A version of this article originally appeared in Roast Magazine
Inspired by the Roaster Village at World of Coffee in Europe, a new Roaster Village debuted at the Global Specialty Coffee Expo this year in Seattle. The village is designed to be a more relaxed and casual environment than the Expo show floor. Exhibitors included microroasters (producing fewer than 100,000 pounds per year) and boutique green coffee importers. For microroaster exhibitors, the goal was to introduce their coffee and branding to a large pool of coffee industry professionals and consumers. For attendees who purchased a ticket only to the U.S. Coffee Championships area, the Roaster Village was meant to be an added bonus because it offered the excitement of the Expo floor, but at a reduced price. To gauge the impact of this new space, I asked a variety of exhibitors and attendees about their experiences. Kevin Morales, my colleague here at Royal Coffee described the Roaster Village as “a more intimate and smaller setting, which made it easier to engage with attendees.” He interacted mainly with competitors and judges taking a break from the competition to explore the booths. Kate Blackman of Messenger Coffee Co. in Kansas City, Missouri, was judging the Brewers Cup Competition all weekend and was excited that a bit of the show floor was close by. “I thought it was a good complement to the competitions,” she noted, “and really fun to have so many roasters and importers in such close proximity to each other, instead of spread out throughout the show floor.”
The village provided an opportunity for small roasters to showcase their coffee and their brands. | Photo courtesy of the Specialty Coffee Association
Exhibitors had access to hot water towers, grinders and manual brewing devices, and attendees eagerly lined up for coffee. The space, which showcased 25 exhibitors, provided a quick snapshot of the specialty market. Attendee Jon Ferguson, a green buyer at Arbor Day Foundation in Lincoln, Nebraska, was struck by how many small roasters were featured in one place, noting, “I could experience which flavor profiles are trending in the specialty industry and how roasters are developing these qualities through their roasting techniques.” For coffee buyers, the space provided “the opportunity to taste and see what qualities and relationships importers are offering,” Ferguson added. For multi-roaster cafe owners, the village provided a place to develop new partnerships as they could meet roasters, learn their stories, and taste their best coffees all in one interaction.For people new to the coffee business, the Roaster Village offered the opportunity to learn about the industry and network in a casual, welcoming environment.
Royal Coffee’s Director of Operations, Jennifer Huber & President, Bob Fulmer passing time in the Roaster Village.
Exhibitor Deaton Pigot, owner of Take Flight Coffee in Los Angeles, designed a game at his booth with daily prizes, including a coffee brewer, a grinder and an Ikawa sample roaster. To enter, participants had to guess the origin/region of several brewed coffees and submit their guesses on Instagram with a photo and the hashtag #MidnightFlightSCA17. For coffee marketers, the Roaster Village was a great place to introduce branding and merchandise and receive immediate feedback. Deaton quickly sold out of his line of women’s apparel, including tank tops and t-shirts, noting that items with low-key branding were most popular.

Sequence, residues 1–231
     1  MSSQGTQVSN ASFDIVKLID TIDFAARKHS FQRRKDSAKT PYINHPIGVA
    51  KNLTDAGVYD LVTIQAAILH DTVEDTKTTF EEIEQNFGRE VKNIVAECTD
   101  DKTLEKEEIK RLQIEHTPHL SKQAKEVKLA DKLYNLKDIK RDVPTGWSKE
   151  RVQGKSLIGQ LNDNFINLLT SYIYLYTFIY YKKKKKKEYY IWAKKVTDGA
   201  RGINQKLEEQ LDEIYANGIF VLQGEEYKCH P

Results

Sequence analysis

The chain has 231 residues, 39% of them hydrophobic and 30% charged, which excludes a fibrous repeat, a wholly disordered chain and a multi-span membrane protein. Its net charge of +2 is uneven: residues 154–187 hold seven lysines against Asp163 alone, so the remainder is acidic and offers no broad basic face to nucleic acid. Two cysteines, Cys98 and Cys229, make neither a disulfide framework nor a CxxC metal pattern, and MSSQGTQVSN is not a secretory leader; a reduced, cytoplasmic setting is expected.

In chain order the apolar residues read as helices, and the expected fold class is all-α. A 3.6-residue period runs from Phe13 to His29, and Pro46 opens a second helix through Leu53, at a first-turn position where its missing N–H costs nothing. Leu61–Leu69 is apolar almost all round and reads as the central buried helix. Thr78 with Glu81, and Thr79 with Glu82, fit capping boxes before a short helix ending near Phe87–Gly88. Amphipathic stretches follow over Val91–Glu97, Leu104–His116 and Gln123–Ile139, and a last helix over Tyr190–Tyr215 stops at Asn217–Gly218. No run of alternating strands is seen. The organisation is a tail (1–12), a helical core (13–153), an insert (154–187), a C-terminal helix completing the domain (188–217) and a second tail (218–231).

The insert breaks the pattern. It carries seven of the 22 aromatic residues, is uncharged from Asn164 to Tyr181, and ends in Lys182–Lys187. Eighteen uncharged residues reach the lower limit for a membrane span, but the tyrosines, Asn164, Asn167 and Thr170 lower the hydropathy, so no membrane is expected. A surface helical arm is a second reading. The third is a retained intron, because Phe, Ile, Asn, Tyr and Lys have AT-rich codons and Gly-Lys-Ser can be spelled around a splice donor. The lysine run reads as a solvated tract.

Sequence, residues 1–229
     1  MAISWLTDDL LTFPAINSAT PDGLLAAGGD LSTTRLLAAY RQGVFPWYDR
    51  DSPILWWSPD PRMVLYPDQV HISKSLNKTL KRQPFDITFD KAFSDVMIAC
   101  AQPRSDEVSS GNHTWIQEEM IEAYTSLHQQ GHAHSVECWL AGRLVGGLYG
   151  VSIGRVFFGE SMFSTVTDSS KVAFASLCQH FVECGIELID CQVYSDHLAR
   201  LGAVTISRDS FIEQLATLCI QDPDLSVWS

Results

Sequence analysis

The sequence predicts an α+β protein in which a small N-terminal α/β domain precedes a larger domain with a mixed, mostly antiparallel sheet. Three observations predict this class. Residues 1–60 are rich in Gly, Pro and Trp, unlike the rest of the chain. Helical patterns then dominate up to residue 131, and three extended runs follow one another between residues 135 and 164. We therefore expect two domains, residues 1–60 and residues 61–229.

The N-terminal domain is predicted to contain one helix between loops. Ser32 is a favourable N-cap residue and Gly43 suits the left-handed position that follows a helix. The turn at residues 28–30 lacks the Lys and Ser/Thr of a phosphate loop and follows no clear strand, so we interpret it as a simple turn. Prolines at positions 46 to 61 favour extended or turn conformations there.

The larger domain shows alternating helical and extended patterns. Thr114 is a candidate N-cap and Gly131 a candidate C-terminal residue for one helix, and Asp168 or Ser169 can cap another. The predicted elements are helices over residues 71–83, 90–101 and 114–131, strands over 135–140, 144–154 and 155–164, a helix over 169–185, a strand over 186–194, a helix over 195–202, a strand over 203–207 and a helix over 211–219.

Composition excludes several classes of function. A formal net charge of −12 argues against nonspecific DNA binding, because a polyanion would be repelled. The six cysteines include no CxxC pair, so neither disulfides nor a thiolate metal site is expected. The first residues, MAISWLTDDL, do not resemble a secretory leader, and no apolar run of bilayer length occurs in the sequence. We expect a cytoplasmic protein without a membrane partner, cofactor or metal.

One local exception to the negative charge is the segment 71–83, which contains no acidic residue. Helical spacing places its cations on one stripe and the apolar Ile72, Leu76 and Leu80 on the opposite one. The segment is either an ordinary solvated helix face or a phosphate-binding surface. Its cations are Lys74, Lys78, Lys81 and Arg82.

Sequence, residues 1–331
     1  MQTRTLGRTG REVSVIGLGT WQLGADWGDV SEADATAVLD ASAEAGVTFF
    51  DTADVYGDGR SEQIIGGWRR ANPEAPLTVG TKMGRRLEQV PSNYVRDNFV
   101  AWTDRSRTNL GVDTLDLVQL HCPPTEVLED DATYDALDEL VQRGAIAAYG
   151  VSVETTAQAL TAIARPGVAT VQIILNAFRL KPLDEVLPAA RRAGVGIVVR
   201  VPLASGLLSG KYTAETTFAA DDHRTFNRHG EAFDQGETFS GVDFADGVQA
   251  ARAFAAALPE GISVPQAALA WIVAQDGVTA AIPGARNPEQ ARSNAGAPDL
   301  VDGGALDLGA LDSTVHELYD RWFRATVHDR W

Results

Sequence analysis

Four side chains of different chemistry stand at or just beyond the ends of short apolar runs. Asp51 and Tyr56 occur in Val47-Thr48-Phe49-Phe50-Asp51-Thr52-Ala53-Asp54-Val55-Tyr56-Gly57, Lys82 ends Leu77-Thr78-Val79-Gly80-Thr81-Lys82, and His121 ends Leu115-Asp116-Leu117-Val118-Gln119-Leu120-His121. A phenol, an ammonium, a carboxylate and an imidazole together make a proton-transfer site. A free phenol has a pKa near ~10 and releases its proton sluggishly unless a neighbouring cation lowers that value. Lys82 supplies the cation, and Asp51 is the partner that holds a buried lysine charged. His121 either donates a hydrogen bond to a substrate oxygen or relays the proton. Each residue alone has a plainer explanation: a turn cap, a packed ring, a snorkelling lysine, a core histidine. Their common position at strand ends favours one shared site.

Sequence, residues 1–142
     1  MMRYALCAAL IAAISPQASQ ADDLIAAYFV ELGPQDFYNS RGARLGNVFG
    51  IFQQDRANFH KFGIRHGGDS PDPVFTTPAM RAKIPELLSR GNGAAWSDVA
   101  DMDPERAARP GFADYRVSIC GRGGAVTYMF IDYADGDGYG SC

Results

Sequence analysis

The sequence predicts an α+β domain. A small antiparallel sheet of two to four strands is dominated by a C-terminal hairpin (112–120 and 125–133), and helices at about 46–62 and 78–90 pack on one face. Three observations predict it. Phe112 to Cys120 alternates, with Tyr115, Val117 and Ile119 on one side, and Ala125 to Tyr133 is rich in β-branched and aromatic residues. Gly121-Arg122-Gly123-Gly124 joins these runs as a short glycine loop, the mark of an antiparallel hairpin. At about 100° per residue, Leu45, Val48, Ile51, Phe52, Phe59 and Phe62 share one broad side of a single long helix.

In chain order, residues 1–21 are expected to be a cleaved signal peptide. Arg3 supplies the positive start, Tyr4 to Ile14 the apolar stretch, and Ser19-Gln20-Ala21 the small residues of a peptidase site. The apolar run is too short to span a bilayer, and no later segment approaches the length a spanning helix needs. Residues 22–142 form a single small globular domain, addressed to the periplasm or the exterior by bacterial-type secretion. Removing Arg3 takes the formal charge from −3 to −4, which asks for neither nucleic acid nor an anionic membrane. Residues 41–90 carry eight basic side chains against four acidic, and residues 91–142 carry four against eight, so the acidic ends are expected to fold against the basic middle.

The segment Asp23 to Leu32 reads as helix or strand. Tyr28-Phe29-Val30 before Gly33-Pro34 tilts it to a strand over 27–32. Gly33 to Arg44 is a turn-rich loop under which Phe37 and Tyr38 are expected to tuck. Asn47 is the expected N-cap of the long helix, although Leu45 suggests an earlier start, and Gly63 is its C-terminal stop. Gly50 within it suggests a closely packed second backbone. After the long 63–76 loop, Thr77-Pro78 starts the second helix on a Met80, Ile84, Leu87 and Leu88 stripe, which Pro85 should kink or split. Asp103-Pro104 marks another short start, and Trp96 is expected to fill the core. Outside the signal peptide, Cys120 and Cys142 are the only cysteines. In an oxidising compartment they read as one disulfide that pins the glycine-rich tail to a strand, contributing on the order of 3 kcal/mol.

Alex LittleJohn, who has served on the Barista Guild of America (BGA) Executive Council and is an instructor for the Specialty Coffee Association, thought the Roaster Village brought more engagement to the coffee competitions taking place in the hall. “The village complemented the competition area by adding more people and the opportunity to mingle at the booths,”she noted. “It was nice to take a break from competitions and circulate between the BGA coffee bar and the Roaster Village, and to see a variety of people and companies.” Exhibitor Omar Herrera of Minnesota’s La Bodega (a Cafe Imports company) said he spoke with a lot of people who were new to the coffee industry, and the village was a great hub for them to learn more about it. “The craft of roasting has never been more accessible to folks looking to start new coffee brands,” he said. “The Roaster Village definitely shares a similar mission as La Bodega in assisting new and smaller roasters in growing their business.” The ultimate goal for village organizers is that Expo attendees—particularly roasters, importers, competitors and those new to the coffee industry—will recognize the Roaster Village as a must-see attraction during the annual event.
Switchbox Roasters Owner Brian Protsman at the Royal Coffee stand in the Roaster Village.
Switchbox Roasters was one of two winners of our Crown Jewel Instagram photo contest. Not pictured is the other winner of the contest, Abanico Coffee Roasters